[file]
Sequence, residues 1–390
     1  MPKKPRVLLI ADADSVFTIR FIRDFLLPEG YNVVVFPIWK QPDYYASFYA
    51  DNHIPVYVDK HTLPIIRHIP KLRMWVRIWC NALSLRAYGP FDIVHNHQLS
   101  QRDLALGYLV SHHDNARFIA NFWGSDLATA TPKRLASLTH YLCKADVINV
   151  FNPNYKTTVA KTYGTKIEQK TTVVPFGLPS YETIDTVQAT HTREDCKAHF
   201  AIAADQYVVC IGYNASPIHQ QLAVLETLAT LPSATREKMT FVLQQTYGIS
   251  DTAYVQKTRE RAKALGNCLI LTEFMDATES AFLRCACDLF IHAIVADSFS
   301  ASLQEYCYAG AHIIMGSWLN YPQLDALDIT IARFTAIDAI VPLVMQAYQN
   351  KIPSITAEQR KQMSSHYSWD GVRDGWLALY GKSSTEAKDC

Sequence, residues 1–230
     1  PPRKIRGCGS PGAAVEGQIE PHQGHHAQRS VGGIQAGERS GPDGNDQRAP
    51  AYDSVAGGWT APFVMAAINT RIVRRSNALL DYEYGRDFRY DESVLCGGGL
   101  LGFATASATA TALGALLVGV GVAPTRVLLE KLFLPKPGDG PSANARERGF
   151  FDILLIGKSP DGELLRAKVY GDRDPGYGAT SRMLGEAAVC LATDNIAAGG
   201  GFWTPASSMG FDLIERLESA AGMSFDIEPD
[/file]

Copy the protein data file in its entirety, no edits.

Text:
Sequence, residues 1–390
     1  MPKKPRVLLI ADADSVFTIR FIRDFLLPEG YNVVVFPIWK QPDYYASFYA
    51  DNHIPVYVDK HTLPIIRHIP KLRMWVRIWC NALSLRAYGP FDIVHNHQLS
   101  QRDLALGYLV SHHDNARFIA NFWGSDLATA TPKRLASLTH YLCKADVINV
   151  FNPNYKTTVA KTYGTKIEQK TTVVPFGLPS YETIDTVQAT HTREDCKAHF
   201  AIAADQYVVC IGYNASPIHQ QLAVLETLAT LPSATREKMT FVLQQTYGIS
   251  DTAYVQKTRE RAKALGNCLI LTEFMDATES AFLRCACDLF IHAIVADSFS
   301  ASLQEYCYAG AHIIMGSWLN YPQLDALDIT IARFTAIDAI VPLVMQAYQN
   351  KIPSITAEQR KQMSSHYSWD GVRDGWLALY GKSSTEAKDC

Sequence, residues 1–230
     1  PPRKIRGCGS PGAAVEGQIE PHQGHHAQRS VGGIQAGERS GPDGNDQRAP
    51  AYDSVAGGWT APFVMAAINT RIVRRSNALL DYEYGRDFRY DESVLCGGGL
   101  LGFATASATA TALGALLVGV GVAPTRVLLE KLFLPKPGDG PSANARERGF
   151  FDILLIGKSP DGELLRAKVY GDRDPGYGAT SRMLGEAAVC LATDNIAAGG
   201  GFWTPASSMG FDLIERLESA AGMSFDIEPD